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3 Ways to Plan Family Activities

Plan Family Activities

A family is best described as a group consisting of parents and children living together in a household. This being the case, isn’t it strange that members of the same family spend more time apart than together? At times, it becomes even hard for family members to set aside time whereby they can sit and enjoy a meal together. This is where the need for family activities comes in. Through them, you can spend more quality time together, have fun and enjoy each other’s company. But, for this to happen, you have to meticulously plan these activities so as to make them a success. Below are 3 ways to plan family activities that you’ll find very helpful:

Get everyone incolved in the planning

When planning a family activity, you have to get everyone involved for their commitment, contributions and opinions will help in determining the success of the activity. This stage is more of a brainstorming phase. Let everyone air their thoughts on the things they like to do and would like other members of the family to take part in. However absurd they may sound, listen to them and let everyone else say how they feel about them.

Also, decide on the best times that you would like to have these activities take place and how frequently you’d like them to happen. For instance, in case of family dinners, you may settle for once or thrice per week. Settling for regular rather than one-time activities is encouraged.

Choose the best activity

Even though it’s the parents who are going to make the final decision, have everyone vote to see which activity wins. A smart way of doing this would be by voting in the top three activities and letting the kids know that mommy and daddy are the ones who are going to make the final decision. Then, when choosing the activity, take into consideration everyone’s schedule so as to make sure that they will be available.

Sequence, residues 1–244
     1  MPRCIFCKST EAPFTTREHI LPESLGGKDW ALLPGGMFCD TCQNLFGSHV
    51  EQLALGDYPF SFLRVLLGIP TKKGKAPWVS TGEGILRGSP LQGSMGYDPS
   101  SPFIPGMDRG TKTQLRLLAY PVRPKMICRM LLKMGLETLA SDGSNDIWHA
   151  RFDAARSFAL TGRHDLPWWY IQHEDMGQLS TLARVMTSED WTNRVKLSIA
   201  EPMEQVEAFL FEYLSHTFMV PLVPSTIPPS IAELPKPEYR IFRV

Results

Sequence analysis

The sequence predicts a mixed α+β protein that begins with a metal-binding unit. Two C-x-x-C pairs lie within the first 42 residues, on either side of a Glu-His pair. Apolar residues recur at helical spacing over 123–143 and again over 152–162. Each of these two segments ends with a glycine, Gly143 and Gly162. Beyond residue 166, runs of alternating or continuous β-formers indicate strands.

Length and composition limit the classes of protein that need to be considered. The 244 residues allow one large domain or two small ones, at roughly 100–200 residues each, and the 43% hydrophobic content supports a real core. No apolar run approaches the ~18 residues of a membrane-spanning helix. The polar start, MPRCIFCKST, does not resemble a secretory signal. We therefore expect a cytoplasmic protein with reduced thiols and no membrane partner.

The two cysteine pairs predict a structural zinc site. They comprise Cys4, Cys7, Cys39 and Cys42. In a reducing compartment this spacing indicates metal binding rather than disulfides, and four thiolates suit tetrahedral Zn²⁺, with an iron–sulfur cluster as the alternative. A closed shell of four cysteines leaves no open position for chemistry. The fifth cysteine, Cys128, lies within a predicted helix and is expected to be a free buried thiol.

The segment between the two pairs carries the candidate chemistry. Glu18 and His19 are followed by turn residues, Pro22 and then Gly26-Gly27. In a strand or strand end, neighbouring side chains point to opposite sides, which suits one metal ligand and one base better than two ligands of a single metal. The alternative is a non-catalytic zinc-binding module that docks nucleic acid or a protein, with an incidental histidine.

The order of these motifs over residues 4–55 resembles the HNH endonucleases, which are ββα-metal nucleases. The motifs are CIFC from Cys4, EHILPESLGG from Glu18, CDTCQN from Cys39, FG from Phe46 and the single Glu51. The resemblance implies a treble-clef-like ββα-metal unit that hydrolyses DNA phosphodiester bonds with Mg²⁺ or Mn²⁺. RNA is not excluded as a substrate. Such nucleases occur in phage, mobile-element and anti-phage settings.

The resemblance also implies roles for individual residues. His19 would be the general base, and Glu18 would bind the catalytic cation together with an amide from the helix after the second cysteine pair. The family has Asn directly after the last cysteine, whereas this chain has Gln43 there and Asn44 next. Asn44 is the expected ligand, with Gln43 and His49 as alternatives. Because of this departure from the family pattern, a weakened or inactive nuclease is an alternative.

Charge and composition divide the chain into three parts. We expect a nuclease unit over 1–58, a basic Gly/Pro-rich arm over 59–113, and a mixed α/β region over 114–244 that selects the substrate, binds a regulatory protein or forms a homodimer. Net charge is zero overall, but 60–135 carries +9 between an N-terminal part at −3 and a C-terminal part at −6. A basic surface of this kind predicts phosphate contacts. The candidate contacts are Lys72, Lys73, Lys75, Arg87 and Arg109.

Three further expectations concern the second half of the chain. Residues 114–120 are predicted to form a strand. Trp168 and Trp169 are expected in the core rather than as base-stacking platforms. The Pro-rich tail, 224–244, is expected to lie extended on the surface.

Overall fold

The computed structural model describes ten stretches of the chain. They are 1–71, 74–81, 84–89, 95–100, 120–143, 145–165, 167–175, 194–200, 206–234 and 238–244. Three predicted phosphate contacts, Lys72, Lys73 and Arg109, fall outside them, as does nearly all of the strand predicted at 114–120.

Assign a leadership role

If you want your kids to grow into responsible adults, you have to start assigning them leadership roles at an early stage. But won’t assigning a role to one child make the other(s) feel left out? Well, it all depends with the activity in question. For instance, if you settle for hiking, let the child who is a big fan of the outdoors act as the leader. If you decide to take part in a sporting activity, let the child who’s most athletic lead the team/family.

This doesn’t mean that the parent should take a back seat. Instead, you should continue playing your role as the parent cum leader of the family but, passively. That way, the child in charge will feel that you trust them enough hence prompt them to make you proud. In addition, this will help in boosting their self-confidence and self-worth.



Written by BM Staff


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